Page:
“Eat breakfast like a king, lunch like a prince, and dinner like a pauper,” is a saying you’ve probably heard already. Tossed around as it may be, it doesn’t lie. A good breakfast is a part of any successful day, especially for active children and school kids.
A report by the No Kid Hungry organization earlier this year found that 75% of educators noticed a significant performance difference between the students who eat breakfast from those that don’t. A good learning day is a day that starts with a good breakfast.
To help us be better equipped to prepare the right kid of breakfast to our children, we asked a couple of questions to Nestlé Philippine’s Corporate Nutritionist Executive Ivy Sicat about the most important meal of the day, breakfast, and breakfast food.
1. What essential nutrients does my child require in the morning? “All nutrients are an important part of a child’s diet, especially that they need them to support growth and development,” says Sicat. The best kind of breakfast food for a child, however, is one that is rich in fiber and protein, she adds. According to her, these keep a child feeling full and energized for longer.
She also says that a hearty and balanced breakfast that provides 20% of a child’s daily energy needs should be the goal.
2. What exactly is a balanced breakfast? To ensure a balanced meal, your breakfast plate should consist of these three food groups,” says Sicat. These are:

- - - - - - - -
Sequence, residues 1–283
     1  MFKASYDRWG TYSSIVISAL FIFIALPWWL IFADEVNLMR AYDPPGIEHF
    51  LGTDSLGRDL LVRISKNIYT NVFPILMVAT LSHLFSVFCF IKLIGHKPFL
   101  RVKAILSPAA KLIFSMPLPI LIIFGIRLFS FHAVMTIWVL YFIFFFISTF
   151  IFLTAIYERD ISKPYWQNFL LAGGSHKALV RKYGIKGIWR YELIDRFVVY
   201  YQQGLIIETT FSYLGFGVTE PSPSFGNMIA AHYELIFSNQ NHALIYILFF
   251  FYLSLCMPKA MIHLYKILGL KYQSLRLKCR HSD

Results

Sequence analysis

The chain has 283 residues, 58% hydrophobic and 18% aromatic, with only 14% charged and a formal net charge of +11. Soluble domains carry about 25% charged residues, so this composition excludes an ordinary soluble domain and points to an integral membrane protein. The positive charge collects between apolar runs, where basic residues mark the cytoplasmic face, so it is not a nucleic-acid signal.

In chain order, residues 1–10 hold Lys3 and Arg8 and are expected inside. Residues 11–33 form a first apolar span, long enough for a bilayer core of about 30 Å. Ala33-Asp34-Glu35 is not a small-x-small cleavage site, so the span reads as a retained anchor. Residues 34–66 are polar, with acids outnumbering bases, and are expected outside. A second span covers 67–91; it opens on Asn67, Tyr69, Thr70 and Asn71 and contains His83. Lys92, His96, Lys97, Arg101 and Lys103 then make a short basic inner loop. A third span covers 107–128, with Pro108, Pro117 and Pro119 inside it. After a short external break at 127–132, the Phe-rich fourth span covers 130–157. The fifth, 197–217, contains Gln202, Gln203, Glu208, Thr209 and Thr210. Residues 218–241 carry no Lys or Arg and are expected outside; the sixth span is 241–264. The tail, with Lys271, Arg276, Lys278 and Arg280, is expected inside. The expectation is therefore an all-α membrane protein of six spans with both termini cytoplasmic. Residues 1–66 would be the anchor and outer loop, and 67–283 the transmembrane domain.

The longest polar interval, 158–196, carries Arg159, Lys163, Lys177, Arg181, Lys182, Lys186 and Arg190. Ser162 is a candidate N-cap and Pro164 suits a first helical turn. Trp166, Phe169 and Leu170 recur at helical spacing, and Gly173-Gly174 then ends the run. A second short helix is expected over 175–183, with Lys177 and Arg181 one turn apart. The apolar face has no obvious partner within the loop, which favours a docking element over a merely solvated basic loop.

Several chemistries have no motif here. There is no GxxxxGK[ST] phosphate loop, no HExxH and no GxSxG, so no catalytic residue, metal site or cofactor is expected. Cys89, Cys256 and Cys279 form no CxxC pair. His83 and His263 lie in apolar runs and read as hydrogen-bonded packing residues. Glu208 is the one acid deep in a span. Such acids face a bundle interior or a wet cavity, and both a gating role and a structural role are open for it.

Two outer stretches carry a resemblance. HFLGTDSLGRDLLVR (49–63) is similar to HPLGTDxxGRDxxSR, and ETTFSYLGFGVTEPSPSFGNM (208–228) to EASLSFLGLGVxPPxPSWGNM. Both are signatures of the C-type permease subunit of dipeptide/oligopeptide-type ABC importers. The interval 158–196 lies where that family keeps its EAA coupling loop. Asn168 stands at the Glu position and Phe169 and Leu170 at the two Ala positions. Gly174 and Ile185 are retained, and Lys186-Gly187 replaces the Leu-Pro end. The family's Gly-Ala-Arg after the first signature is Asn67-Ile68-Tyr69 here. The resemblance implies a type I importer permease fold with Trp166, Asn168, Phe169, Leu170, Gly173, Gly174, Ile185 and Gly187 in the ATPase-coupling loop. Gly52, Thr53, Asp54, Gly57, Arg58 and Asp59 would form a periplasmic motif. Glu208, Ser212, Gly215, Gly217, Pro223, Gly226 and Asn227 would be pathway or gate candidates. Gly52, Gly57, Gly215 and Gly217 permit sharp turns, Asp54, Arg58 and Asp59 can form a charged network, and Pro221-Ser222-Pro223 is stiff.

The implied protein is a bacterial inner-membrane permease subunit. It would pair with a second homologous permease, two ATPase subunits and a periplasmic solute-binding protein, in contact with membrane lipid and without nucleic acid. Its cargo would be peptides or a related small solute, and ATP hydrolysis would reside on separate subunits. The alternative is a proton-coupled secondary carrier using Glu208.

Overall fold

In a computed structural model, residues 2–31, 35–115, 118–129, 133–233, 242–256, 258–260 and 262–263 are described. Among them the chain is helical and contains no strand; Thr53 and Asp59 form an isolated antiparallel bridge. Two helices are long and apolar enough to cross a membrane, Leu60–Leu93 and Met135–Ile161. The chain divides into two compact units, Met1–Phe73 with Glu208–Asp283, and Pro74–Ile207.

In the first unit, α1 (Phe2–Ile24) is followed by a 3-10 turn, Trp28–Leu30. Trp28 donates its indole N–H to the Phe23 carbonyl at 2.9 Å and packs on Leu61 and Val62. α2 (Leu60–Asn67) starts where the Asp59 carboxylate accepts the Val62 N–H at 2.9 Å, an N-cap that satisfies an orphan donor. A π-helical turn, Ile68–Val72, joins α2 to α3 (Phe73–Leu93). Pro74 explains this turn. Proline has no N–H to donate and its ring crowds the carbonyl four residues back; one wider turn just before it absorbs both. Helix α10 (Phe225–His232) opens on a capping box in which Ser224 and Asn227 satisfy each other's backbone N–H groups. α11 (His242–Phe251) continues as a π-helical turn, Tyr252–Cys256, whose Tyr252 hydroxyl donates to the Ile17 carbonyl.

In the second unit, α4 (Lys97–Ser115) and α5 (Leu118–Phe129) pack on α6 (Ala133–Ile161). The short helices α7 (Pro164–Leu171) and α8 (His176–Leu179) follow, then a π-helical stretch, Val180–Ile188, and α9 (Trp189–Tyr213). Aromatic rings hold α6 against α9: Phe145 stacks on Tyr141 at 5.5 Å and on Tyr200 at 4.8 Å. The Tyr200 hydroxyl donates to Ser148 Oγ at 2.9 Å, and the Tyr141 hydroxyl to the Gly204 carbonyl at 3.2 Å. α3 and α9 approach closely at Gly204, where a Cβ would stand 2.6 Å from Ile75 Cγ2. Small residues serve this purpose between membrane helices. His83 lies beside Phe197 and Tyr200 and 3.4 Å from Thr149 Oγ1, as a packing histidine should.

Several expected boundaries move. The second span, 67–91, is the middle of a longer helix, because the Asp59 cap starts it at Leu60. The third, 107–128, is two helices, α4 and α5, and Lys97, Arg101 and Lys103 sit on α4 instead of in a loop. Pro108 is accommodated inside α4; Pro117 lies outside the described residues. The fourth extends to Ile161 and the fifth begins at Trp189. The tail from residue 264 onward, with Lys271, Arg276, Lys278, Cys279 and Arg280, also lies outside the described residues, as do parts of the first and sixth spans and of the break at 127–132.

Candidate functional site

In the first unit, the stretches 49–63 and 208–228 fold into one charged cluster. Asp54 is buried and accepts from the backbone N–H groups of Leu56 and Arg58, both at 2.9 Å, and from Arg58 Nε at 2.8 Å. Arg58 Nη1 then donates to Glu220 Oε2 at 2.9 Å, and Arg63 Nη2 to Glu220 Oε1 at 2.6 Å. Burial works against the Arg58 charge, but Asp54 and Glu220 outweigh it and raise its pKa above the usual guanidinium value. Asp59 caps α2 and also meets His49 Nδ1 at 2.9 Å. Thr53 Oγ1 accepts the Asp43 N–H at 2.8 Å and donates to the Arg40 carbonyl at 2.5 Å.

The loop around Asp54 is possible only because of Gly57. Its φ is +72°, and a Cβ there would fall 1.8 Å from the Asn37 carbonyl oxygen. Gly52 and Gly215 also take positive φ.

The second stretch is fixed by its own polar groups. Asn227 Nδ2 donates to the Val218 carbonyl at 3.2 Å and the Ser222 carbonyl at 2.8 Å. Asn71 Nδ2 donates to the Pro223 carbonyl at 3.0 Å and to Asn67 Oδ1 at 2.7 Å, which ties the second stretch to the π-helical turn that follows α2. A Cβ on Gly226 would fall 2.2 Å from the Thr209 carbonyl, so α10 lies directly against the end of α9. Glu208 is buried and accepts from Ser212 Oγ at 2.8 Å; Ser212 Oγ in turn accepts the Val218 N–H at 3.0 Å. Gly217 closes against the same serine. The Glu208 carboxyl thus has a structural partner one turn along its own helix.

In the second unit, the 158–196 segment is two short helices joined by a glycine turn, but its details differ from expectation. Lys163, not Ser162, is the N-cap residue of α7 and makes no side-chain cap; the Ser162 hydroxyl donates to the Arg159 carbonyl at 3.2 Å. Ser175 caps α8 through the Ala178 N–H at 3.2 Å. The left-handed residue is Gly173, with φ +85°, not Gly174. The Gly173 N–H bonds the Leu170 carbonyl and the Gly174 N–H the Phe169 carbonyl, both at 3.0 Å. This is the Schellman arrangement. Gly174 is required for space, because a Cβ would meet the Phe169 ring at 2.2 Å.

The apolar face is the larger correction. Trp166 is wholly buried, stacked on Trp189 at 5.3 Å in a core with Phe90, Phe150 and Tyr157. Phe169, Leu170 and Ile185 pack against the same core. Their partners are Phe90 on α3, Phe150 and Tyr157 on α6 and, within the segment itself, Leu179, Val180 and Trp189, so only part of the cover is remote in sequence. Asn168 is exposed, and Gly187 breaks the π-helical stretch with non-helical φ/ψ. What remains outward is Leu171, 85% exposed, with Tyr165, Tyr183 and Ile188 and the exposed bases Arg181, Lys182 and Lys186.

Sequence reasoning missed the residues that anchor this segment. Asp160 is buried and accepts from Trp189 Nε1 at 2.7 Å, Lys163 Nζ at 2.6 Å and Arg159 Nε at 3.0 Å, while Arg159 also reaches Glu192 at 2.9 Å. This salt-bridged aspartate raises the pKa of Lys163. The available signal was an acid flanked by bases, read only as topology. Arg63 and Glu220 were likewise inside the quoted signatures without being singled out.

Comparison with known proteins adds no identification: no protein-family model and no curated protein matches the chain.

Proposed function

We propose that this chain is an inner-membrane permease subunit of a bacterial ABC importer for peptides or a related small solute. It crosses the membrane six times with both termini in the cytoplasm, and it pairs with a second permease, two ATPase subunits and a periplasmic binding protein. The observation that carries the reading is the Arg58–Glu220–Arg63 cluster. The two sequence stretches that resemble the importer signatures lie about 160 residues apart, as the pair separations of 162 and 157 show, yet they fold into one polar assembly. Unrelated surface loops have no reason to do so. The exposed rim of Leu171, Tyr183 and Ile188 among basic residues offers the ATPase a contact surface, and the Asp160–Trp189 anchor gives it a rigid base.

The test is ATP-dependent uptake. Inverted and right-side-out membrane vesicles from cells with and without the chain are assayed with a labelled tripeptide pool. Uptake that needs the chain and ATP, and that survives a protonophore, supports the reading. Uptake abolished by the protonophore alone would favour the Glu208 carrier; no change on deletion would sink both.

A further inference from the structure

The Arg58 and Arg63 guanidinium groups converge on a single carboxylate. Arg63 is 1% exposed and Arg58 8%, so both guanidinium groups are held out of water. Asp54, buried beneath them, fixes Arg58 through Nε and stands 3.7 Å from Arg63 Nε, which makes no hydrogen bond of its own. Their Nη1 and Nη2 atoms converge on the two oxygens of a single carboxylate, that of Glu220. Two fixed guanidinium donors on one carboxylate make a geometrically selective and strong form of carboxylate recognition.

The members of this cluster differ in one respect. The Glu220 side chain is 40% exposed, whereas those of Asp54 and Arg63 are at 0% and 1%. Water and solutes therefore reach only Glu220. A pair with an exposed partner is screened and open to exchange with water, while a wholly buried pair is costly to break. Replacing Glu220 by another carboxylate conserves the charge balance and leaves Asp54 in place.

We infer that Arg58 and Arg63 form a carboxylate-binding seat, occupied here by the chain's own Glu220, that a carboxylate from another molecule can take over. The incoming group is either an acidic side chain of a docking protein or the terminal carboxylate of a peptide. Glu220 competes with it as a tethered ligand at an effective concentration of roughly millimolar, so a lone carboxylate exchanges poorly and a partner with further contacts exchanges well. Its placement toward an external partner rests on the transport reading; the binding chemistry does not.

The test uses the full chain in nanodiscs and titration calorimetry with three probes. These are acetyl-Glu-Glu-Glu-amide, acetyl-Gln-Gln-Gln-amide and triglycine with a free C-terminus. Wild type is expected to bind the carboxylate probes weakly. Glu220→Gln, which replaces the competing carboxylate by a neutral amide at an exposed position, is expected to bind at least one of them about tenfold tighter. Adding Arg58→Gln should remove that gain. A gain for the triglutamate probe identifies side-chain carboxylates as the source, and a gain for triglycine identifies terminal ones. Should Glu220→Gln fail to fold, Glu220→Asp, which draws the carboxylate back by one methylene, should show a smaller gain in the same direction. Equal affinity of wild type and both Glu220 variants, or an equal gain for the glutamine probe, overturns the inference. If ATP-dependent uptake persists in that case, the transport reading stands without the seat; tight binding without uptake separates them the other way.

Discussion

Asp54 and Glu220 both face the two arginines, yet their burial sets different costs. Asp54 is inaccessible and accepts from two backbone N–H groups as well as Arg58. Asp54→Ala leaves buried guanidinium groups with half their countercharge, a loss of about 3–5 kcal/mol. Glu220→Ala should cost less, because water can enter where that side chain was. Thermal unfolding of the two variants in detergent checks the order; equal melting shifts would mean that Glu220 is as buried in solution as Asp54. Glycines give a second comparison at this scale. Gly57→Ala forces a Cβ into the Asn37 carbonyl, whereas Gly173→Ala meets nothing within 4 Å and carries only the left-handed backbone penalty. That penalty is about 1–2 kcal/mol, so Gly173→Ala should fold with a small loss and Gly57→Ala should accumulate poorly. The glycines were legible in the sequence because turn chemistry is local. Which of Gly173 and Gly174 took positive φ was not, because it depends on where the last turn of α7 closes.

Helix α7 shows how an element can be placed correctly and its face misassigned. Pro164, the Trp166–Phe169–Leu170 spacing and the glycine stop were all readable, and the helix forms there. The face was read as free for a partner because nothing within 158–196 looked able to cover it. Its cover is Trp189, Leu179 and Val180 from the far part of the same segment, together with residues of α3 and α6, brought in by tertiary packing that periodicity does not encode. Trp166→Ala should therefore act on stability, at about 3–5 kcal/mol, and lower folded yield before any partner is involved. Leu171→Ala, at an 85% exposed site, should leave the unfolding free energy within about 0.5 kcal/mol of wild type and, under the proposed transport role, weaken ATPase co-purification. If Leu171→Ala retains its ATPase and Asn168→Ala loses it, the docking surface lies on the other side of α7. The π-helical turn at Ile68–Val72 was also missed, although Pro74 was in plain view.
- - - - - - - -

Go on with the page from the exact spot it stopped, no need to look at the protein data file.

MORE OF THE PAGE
Go Foods, or energy-giving food, which include bread, rice, noodles and root crops (SP tip: Whole wheat bread and brown rice are rich in fiber!)
Grow Foods, or body-building food, which include: protein sources like meat, poultry, fish, beans and nuts
Glow Foods, or body-regulating food, which include: fruits and vegetables (These are rich in fiber too!)
Nutritious Beverages, such as water, milk, juices, malt drinks like Milo, etc.
3. What kinds of food are a no-no in the morning? “Having something for breakfast is better than none at all,” says Sicat, “but if given choices, best to choose nutrient-dense, meaning more nutrients and less calories, over calorie-dense food items.
Limit too much simple sugars in your breakfast,” she adds. Simple sugars, or simple carbohydrates, are found in refined sugar, like table sugar. Sweet treats like cookies, candies and cakes are high in simple sugars. “In general, high sugars food items has low satiety effect meaning you feel hungry right away.”
4. Mornings can be such a rush. What's a good substitute for rice and ulam when on the go? Sicat suggests grains such as whole grain bread or breakfasts with whole grain. Fruit is also good. Pick those that are in season. A quick source of protein would be eggs and milk.
5. What happens when my child skips or doesn't get a proper breakfast? “Breakfast skipping has a negative impact on cognitive performance that increases in magnitude over the morning,” says Sicat. Your child’s memory skills, alertness level and concentration may take a back seat without the energy it gets from a proper breakfast, she expounds.
“Also, severall studies show that breakfast eaters were found to have better moods, fewer absences, and lower risks of becoming overweight and obese compared to children who skip breakfast.
In addition, children who miss breakfast may not be able to ‘catch-up’ on missed nutrients during the rest of the day,” says Sicat.
There you have it, parents; the importance of breakfast explained to you by a nutritionist. To keep your family in tip-top shape, try your best to never miss a breakfast. In case this has gotten you inspired to level up your family's start of the day meal, here are a couple of articles that might prove useful: